The Local Living Room / Le Foyer Local

Le foyer local
The local living room
The crumbs are always worth it.
To be welcomed. It’s something we take with us in tupperware containers, suitcases, mom’s chocolate chip cookie recipe, family photos crumbled with years, fragrance held in glass bottles, spontaneous phone calls across time zones, a favorite tee shirt and tears scattered throughout the journey. It’s a state of mind mixed with nostalgia and messy feelings. Transition as we go and stay.

The Spirit greets us every time as we come. Beauty in becoming, held in two hands. An anchor tattooed into freckled skin. A place loud with silence. Rivers and roads, ocean horizons and mountain tops.

Right here face to face with you.

I go back to it daily, looking for traces of heaven on earth. From work to rest to communion. Home is being known and knowing others. It’s american sized cups of coffee, Christmas morning and palm sunday. Home is the pillow at the end of the day inviting sleep, tears in public spaces and facetime calls to mom. It’s remembrance and disorganized repacking the night before a flight out. Home is high above and evidence of it here. It’s the one who sees it all. Complicated like the space between us. It’s drawing near choosing life, learning to become a vessel of hope to a dark and broken world. Home is portable and comes with an anchor. The beauty of what was, is and is to come.

I desire to create spaces that invite others to experience the feeling of home are reflect on their own life, community and story. Through sharing my own experience and recreating my own comfort of home in public spaces I hope to see community form organically around me. People and conversation become materials for sculpting a larger narrative.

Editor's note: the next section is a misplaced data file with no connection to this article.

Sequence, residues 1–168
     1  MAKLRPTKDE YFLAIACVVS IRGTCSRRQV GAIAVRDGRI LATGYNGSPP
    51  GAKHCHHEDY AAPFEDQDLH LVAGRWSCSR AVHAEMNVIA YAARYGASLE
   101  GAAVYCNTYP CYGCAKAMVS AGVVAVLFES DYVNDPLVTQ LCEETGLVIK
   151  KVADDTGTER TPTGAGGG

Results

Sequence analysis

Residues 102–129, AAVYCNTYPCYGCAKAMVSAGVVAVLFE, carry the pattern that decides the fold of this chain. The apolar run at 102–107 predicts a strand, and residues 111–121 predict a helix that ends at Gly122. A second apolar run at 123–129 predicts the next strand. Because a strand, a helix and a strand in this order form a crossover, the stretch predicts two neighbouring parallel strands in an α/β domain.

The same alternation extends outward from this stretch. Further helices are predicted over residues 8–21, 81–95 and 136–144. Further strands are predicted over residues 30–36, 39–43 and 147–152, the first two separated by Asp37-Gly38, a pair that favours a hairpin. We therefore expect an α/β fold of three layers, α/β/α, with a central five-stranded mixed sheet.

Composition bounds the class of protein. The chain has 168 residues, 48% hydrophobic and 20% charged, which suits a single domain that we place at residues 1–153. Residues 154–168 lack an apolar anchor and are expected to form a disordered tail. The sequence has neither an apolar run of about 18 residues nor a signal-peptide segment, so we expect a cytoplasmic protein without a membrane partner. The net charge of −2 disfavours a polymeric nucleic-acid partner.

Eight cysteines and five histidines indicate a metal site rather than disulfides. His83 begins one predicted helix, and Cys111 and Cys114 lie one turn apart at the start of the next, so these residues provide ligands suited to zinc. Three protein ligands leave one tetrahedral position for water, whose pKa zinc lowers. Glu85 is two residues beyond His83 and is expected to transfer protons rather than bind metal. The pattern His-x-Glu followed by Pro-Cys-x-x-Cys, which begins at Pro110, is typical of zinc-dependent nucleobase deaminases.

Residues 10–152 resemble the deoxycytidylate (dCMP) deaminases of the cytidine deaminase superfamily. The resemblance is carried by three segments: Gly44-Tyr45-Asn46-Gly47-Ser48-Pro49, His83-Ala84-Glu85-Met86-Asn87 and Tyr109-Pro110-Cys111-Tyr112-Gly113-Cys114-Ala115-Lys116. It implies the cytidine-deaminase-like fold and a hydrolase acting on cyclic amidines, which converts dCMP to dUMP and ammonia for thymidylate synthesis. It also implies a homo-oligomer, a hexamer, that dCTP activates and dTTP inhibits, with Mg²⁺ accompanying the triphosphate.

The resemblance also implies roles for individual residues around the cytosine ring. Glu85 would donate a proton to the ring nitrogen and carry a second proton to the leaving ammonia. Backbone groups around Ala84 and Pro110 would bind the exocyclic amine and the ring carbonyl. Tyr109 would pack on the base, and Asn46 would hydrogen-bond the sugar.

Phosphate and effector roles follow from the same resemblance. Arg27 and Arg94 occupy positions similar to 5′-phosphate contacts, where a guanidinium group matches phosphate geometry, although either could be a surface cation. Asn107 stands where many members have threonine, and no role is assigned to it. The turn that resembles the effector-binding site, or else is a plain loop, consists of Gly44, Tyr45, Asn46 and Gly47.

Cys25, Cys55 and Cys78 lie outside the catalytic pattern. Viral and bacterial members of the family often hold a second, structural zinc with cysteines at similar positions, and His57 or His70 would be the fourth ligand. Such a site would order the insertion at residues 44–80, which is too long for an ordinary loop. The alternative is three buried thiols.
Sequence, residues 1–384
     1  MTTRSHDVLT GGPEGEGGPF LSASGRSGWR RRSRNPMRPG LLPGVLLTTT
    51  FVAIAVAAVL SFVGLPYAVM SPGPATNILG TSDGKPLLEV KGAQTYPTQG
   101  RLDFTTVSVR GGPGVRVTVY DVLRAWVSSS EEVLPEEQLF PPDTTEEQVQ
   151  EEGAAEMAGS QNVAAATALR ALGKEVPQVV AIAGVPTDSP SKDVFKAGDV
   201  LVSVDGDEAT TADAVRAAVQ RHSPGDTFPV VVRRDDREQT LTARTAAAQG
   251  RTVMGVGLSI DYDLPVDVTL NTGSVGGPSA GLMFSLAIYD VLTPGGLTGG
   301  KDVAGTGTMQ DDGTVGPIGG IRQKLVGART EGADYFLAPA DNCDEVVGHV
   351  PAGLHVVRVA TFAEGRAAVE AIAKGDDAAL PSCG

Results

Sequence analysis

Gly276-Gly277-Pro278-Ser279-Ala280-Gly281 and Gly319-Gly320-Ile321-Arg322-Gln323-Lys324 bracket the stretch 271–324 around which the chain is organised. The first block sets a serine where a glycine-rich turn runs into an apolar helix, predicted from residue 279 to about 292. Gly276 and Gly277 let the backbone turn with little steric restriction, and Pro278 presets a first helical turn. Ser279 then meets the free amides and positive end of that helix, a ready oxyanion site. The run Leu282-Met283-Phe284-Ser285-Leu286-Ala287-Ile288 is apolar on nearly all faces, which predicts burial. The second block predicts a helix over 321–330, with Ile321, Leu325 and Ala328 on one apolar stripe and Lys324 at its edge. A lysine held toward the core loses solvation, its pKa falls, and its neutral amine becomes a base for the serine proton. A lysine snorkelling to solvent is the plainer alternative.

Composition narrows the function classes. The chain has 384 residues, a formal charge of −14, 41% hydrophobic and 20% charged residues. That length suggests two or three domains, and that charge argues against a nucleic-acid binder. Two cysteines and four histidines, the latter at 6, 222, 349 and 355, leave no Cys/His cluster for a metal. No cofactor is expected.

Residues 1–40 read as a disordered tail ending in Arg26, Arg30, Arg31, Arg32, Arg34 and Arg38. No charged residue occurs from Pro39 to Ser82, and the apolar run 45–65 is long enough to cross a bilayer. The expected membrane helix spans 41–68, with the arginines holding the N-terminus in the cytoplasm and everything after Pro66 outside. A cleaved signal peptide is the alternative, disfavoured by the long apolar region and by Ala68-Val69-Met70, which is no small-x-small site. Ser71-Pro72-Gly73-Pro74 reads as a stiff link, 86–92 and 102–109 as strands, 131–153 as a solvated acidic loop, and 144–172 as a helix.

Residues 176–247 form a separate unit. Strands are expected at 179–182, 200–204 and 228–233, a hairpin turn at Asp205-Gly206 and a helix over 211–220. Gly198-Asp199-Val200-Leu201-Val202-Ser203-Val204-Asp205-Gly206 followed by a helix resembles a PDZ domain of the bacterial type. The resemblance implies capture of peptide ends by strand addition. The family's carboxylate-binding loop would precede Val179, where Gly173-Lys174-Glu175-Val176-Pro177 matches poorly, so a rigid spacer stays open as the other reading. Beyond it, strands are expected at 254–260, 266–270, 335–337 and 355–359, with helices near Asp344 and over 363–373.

In the main hall of La Sorbonne arts campus in Paris I rolled out my Iranian rug found last year on the streets of Paris. Hung up a few photos and memories on the wall, plopped two pillows and a small table in the middle and waited to see what would happen. For a week I baked American cookies, heard students stories and experience of home, shared poems and prayers and watched people make connections and conversation. It’s an experience that requires presence and participation. Bringing an intimate space of home into the public means opening your heart to the world. I learned hospitlaity can be practiced anywhere. The final day I packed up a suitcase of materials, shook out the rug to roll it up and found a small pile of gold dust mixed with flower petals, strings of hair from various heads, dust from tired feet and cookie crumbs.


The crumbs are always worth it.

Ingredients for a local living room:
  • Space (somewhere local, accessible, and open… just ask!)
  • Something to eat or drink (water, tea, cookies *either homemade or store bought work great)
  • A piece of furniture, rug or vessel for sitting
  • Invitations: word of mouth, texts, social media to invite locals to visit. Invite everyone! The Janitor, grandma, neighbor, sister, teacher, grocery worker!
  • Show and tell: bring a few memories, stories, a song, a poem, photos, a scent or gift to share with guests.

Ask simple and intentional questions to guests as they arrive to get conversation moving. Here’s a for for you to try out:
-What’s Your name?
-What does your name mean?
-Where did you grown up? What was that like?
-What/where/who is home to you?